Disney Adapting ‘A Wrinkle in Time’ With ‘Frozen’ Director

Published 9 months ago by

A Wrinkle in Time Cover Disney Adapting A Wrinkle in Time With Frozen Director

Once upon a time, Disney released an animated film called Frozen, a musical comedy (loosely) based on Hans Christian Andersen’s The Snow Queen; upon arriving in theaters, it performed well above studio expectations, breaking 1994′s The Lion King previous opening weekend record. If Disney’s long term goals for Frozen are loose for the time being, though, their short term plans for Jennifer Lee – who wrote the film’s script and co-directed it alongside Chris Buck – are beginning to crystallize.

In Lee’s case, Frozen has given her room to leverage her follow up project, which happens to be an adaptation of Madeleine L’Engle’s 1962 science fantasy novel, A Wrinkle in Time. (So sayeth Variety.) Reportedly, Lee has already stirred the interest of Disney executives with her pitch for the film, reinvigorating long dormant plans to bring L’Engle’s novel to the big screen; naturally, she’ll still be elbows deep in Frozen‘s new life in the land of multi-platform development, but even someone responsible for a brand that lucrative deserves a chance to put their creative juices to use elsewhere.

On paper (pun only mildly intended), A Wrinkle in Time is right in Lee’s wheelhouse, a family oriented story about a young girl on a quest to track down her missing scientist father; Frozen, as well as Wreck-It Ralph, her first major gig as scribe, both put females at their forefronts, never slacking on layering their heroines with all the idiosyncrasies and nuances that make for great, memorable characters. A Wrinkle in Time lets Lee continue with her focus on complex leading ladies, one of the most pressing topics du jour in the movie world. Maybe comic book movies don’t always get their female characters right, but Lee sure does. (Maybe she can help change perception as regards TV being the better platform for sharply written female roles, too.)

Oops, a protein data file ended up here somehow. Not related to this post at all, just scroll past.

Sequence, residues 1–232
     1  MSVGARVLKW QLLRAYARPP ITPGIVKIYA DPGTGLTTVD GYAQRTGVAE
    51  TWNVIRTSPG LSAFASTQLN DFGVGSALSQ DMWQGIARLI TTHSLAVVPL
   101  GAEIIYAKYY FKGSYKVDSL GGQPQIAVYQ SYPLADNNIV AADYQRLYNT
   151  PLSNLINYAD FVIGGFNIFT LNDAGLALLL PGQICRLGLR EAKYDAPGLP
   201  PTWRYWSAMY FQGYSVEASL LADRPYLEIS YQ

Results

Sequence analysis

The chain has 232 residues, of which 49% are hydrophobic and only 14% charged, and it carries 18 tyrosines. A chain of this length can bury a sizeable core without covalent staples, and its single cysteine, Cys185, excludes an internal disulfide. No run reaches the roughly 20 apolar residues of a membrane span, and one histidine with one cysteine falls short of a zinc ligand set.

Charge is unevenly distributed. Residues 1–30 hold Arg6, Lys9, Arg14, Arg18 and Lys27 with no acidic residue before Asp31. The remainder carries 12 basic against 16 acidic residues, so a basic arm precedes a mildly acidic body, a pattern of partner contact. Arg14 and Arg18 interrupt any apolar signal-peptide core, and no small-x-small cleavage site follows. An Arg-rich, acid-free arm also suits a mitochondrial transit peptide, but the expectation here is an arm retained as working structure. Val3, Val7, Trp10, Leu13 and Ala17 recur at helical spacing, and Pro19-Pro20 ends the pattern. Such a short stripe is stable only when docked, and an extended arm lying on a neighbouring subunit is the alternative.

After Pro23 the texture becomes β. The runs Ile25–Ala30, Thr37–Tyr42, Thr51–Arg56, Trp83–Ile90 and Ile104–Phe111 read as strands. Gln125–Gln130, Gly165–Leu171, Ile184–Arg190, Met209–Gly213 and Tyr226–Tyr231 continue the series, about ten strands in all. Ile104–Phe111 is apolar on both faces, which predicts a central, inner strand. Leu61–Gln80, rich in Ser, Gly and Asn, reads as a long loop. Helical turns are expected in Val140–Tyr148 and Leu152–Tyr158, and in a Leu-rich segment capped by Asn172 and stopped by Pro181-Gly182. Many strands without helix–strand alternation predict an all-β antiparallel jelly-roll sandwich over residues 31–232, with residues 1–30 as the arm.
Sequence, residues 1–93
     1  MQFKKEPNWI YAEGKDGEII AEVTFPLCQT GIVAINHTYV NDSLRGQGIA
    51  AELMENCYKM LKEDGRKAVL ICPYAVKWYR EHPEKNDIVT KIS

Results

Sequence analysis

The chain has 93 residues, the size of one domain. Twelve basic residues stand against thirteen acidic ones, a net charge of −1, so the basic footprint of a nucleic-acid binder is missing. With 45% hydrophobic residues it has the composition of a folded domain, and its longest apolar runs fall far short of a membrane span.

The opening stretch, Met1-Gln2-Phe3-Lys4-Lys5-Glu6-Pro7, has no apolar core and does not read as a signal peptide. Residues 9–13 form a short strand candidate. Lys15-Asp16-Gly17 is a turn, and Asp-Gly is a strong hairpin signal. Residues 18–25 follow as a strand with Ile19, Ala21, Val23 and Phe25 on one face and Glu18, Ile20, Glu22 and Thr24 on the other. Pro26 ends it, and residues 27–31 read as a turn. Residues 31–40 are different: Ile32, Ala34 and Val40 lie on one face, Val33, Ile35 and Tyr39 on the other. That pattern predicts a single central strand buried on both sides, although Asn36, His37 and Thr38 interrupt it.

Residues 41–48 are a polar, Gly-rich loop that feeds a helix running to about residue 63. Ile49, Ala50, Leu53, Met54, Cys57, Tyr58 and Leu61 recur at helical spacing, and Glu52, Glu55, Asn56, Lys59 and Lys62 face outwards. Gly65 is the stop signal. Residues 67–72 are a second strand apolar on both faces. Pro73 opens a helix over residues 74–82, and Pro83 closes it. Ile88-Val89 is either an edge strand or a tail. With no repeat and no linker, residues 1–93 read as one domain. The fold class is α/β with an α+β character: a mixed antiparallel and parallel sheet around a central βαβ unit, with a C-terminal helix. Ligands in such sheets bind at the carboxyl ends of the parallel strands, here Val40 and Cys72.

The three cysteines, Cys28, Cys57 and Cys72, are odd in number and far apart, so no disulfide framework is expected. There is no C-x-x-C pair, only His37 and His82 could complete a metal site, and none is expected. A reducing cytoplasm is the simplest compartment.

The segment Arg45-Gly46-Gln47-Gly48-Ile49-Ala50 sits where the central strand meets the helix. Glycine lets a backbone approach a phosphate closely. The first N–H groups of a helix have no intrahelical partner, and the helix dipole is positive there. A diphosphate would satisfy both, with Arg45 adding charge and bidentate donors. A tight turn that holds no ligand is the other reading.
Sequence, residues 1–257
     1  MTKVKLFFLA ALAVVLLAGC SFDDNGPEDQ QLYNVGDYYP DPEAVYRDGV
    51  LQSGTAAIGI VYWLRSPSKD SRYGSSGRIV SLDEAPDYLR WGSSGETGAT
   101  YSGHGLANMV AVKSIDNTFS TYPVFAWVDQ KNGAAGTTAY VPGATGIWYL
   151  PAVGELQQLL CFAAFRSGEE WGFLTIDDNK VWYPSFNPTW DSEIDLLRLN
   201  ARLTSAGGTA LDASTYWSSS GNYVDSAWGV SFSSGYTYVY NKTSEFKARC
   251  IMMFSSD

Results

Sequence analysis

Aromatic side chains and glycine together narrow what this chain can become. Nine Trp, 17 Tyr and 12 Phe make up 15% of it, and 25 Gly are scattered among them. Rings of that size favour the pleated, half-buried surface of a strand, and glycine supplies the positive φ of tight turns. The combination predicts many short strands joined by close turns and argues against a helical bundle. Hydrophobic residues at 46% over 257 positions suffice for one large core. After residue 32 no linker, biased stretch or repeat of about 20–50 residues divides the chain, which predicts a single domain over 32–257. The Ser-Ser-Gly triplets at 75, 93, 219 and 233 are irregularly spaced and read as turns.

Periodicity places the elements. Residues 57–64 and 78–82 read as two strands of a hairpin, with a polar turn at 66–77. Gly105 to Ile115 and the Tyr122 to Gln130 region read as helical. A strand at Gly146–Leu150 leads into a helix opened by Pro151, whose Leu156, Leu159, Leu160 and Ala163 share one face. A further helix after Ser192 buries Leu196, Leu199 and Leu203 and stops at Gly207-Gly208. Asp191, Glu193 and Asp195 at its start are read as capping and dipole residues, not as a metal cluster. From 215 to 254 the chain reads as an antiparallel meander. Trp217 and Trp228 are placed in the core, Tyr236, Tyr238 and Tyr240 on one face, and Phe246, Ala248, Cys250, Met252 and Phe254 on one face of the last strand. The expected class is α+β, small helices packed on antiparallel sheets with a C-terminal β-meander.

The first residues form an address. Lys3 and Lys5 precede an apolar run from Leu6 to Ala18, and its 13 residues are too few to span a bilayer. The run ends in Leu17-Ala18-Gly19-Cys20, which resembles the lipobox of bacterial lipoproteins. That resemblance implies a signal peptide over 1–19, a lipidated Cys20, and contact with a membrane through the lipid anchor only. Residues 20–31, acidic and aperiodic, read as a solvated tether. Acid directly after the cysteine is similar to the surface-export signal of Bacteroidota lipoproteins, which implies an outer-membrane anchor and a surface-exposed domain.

Frozen Anna Hans Olaf Disney Adapting A Wrinkle in Time With Frozen Director

The arrangement couldn’t be more perfect (or timely). Of course, there remains the question of who will take the reins on A Wrinkle in Time once Lee has the screenplay ready to go; depending on how fast Disney wants the film in theaters, their search for a director may take more or less time, but for the time being the chair is empty and no mentions have been made about casting. None of this should be surprising, given that there’s nothing in place for the film beyond Lee’s vision, but those inclined toward curiosity might wonder what, exactly, that entails.

What does Lee have up her sleeve for giving L’Engle’s original work a proper cinematic treatment? Perhaps she doesn’t need anything more than the sway Frozen gives her to grease the wheels on giving the story its due diligence (unlike the abominably bad television movie version from 2003). Given how much her take on The Snow Queen departs from the source, it’s pretty safe bet that she’s got a good hook for making A Wrinkle in Time her own.

We’ll keep you up to date on A Wrinkle in Time info as it becomes available.

Source: Variety

Follow Andy Crump on Twitter @agracru
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  1. I am excited to hear this. A Wrinkle in Time was one of my favorites as a kid. I hope they do it justice.

  2. Hopefully a lot better than that last movie.